The most important research center for studying the history, culture, literature, politics, religion, and society of Eastern European Jewry is today located in New York City. The idea to found a Jewish historical and ethnographic archive and a Jewish research institute (and eventually a museum) devoted to the study of Eastern European Jewish life and history began among Jewish intellectuals in the late Russian Empire (I discuss the political dimension of this project in my book Jewish Rights, National Rites). Jewish refugees in Berlin following the 1917 Russian revolutions and subsequent civil war, with its wide-scale anti-Jewish violence, felt the need to establish a repository for the materials they had brought with them from Russia and Ukraine and an institute to study the living culture of the Jews in newly independent Poland and the Baltic states to be ever more pressing. The Yidisher visnshaftlekher institut–the Yiddish Scientific Institute–known popularly by the acronym YIVO, was established in Vilna (today Vilnius, the capital of Lithuania, then Wilno in independent Poland), in 1925 (the photo above is of YIVO’s original building). The scholars, based in Berlin, Warsaw, Vilna, and other urban centers, founded a communal institution that was devoted to the study of Jewish life and culture from a modern academic perspective and treated Yiddish, the vernacular language of East European Jewry, as an object of serious scholarship. The history of YIVO’s founding is told by Cecile Kuznitz in her book YIVO and the Making of Modern Jewish Culture and the incredible story of how much of YIVO’s collections were saved during World War II is told in David Fishman’s book The Book Smugglers. Below, Eddy Portnoy, today’s YIVO’s Academic Advisor and Exhibitions Curator, tells the engrossing story of how the YIVO Institute ended up in New York.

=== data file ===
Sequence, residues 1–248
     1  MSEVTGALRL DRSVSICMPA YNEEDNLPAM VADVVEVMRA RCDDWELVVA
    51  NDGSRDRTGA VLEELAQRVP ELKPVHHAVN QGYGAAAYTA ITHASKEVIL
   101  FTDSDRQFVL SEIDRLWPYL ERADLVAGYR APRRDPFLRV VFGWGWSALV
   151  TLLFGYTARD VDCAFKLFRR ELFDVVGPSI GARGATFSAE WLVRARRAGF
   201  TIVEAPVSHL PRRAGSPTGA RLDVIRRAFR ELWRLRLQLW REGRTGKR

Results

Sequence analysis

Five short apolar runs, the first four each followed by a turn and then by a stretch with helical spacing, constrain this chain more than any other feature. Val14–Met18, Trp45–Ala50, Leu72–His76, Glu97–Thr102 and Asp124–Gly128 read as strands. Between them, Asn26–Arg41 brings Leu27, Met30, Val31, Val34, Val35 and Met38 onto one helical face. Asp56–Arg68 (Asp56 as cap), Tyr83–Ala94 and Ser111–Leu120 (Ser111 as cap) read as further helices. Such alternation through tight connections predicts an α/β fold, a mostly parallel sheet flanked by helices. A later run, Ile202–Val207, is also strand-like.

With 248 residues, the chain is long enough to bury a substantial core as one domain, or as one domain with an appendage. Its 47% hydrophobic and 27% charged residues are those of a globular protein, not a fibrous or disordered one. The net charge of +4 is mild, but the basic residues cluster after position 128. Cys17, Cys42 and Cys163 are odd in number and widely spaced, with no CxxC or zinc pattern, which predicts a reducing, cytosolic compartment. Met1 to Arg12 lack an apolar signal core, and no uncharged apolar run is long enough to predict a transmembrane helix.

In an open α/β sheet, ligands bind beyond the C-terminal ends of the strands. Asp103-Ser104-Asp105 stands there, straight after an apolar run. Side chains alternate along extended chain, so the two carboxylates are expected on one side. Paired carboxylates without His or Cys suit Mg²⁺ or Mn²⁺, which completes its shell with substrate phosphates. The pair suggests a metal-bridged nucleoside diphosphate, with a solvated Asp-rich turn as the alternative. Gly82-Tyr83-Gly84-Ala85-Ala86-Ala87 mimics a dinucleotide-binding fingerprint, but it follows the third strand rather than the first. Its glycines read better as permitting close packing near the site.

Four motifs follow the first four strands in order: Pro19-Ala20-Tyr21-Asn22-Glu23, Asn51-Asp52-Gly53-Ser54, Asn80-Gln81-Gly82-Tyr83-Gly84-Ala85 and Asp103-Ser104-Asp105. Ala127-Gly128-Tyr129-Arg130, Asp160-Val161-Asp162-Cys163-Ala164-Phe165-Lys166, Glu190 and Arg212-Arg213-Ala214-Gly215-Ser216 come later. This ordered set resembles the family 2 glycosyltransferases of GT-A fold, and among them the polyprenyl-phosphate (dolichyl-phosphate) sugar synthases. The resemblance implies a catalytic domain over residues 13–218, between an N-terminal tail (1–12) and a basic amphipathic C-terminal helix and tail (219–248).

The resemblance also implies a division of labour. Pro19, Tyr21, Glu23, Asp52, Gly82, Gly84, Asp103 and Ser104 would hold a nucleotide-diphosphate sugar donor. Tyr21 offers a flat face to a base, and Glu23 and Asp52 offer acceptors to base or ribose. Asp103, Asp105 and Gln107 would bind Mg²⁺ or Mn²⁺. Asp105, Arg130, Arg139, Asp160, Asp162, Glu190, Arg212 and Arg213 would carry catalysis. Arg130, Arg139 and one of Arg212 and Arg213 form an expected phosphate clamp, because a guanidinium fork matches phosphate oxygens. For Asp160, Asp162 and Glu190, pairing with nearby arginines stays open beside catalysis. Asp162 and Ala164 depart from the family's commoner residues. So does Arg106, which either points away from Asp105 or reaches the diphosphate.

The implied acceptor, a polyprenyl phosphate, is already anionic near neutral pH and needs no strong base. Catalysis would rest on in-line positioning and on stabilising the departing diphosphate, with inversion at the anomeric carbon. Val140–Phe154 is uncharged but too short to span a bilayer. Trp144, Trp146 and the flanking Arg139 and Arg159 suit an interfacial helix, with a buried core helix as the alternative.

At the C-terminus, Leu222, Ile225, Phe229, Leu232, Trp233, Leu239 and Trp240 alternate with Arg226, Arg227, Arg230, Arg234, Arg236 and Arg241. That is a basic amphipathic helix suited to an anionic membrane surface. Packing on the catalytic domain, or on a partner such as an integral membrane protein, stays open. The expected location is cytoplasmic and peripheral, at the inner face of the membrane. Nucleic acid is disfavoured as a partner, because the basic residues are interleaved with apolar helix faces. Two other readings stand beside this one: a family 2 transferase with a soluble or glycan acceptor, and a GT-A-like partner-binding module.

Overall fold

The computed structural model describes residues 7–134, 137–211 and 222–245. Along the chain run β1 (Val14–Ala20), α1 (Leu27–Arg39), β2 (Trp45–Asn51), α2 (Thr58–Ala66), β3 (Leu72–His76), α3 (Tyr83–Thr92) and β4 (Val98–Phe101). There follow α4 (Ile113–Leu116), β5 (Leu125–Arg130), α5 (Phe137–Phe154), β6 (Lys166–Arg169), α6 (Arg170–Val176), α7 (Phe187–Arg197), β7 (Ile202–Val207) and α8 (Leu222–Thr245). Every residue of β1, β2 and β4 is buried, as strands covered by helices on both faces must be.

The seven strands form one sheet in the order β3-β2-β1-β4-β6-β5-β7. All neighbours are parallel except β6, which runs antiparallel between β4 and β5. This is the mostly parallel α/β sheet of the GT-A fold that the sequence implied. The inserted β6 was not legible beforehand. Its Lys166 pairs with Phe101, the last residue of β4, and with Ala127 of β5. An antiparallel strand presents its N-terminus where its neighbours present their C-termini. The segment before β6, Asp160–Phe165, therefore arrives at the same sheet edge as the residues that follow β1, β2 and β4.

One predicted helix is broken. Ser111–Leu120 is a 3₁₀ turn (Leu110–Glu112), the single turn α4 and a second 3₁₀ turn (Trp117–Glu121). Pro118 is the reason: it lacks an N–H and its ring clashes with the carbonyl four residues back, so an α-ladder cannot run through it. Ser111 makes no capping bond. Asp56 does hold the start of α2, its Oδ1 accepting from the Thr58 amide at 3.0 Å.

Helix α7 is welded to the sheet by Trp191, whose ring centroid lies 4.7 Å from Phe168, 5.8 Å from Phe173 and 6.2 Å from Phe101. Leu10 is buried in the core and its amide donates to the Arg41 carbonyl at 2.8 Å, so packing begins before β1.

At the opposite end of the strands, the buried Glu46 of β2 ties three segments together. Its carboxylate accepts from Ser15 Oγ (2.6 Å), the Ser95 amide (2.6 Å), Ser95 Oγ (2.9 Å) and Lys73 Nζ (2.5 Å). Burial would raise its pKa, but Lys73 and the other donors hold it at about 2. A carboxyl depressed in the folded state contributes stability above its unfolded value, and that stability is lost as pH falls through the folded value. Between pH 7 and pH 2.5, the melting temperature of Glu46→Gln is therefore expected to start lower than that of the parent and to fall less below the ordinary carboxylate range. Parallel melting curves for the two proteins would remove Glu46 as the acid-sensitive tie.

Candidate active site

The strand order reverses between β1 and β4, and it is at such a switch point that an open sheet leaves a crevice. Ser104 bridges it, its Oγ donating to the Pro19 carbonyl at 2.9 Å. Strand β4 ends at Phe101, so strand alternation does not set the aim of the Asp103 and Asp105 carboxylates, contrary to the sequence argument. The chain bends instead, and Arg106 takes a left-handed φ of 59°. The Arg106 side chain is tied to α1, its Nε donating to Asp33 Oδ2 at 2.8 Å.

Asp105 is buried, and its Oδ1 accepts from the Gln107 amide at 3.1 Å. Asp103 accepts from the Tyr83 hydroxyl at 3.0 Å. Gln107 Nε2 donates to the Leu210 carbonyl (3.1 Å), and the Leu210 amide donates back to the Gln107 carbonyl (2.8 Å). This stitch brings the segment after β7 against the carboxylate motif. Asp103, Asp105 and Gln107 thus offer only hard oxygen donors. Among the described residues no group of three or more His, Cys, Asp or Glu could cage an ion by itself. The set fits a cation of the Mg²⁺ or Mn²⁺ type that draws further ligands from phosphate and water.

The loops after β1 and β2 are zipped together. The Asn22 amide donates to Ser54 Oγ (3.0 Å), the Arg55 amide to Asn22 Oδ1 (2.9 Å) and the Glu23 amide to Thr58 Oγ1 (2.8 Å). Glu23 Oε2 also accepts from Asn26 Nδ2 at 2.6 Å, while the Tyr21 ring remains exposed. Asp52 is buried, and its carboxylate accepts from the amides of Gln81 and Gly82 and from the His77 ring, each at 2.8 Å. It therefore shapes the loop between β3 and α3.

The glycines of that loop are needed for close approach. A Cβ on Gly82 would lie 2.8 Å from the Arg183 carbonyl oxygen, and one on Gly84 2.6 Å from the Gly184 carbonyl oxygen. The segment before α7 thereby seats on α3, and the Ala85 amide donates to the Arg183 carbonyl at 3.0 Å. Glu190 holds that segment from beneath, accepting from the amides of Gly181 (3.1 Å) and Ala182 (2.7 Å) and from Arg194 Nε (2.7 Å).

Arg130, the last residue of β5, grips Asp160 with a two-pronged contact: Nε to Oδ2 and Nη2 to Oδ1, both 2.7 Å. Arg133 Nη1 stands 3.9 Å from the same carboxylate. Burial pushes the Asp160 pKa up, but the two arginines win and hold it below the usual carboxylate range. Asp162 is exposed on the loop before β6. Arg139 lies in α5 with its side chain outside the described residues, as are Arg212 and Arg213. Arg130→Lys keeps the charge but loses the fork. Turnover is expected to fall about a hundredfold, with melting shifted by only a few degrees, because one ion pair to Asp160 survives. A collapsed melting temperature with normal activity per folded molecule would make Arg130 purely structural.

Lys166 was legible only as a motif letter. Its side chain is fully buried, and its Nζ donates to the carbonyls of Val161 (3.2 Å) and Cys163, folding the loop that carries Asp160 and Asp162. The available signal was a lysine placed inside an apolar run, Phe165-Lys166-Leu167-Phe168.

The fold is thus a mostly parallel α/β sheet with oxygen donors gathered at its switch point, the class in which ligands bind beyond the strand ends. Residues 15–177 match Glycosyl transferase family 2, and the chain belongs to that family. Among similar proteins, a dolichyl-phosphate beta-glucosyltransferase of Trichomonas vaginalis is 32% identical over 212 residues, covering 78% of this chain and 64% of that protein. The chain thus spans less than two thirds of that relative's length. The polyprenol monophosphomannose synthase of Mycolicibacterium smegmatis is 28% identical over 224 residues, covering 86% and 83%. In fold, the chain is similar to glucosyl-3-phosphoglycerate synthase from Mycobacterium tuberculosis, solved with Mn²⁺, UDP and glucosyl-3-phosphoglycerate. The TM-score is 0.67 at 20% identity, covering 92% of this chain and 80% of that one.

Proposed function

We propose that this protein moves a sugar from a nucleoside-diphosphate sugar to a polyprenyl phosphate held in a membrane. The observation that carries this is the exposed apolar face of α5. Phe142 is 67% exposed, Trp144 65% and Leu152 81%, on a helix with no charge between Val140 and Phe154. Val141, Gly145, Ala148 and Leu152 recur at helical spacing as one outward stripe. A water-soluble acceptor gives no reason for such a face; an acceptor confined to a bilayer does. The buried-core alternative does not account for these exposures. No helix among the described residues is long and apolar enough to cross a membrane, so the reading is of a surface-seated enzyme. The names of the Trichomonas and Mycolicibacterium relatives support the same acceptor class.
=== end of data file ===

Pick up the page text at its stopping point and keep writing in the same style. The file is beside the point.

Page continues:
Today the YIVO Institute cares for a vast archive of documents, photos, recordings, and artifacts, as well as the YIVO Library. YIVO also hosts public programming, classes, and exhibits (such as the popular Yiddish Fight Club exhibit, stemming from Eddy’s research for his book Bad Rabbi, which I covered here). Some of YIVO’s valuable resources are available for the public to explore online, such as the Edward Blank YIVO Online Collections and the Ruth Rubin Legacy Archive of Yiddish Folksongs. For a comprehensive resource incorporating the full range of digitized documents, sounds, and images from YIVO’s collections browse the YIVO Encyclopedia of Jews in Eastern Europe (which I regularly use in my teaching).
Finally, see the short video below about the avante garde design of the YIVO icon: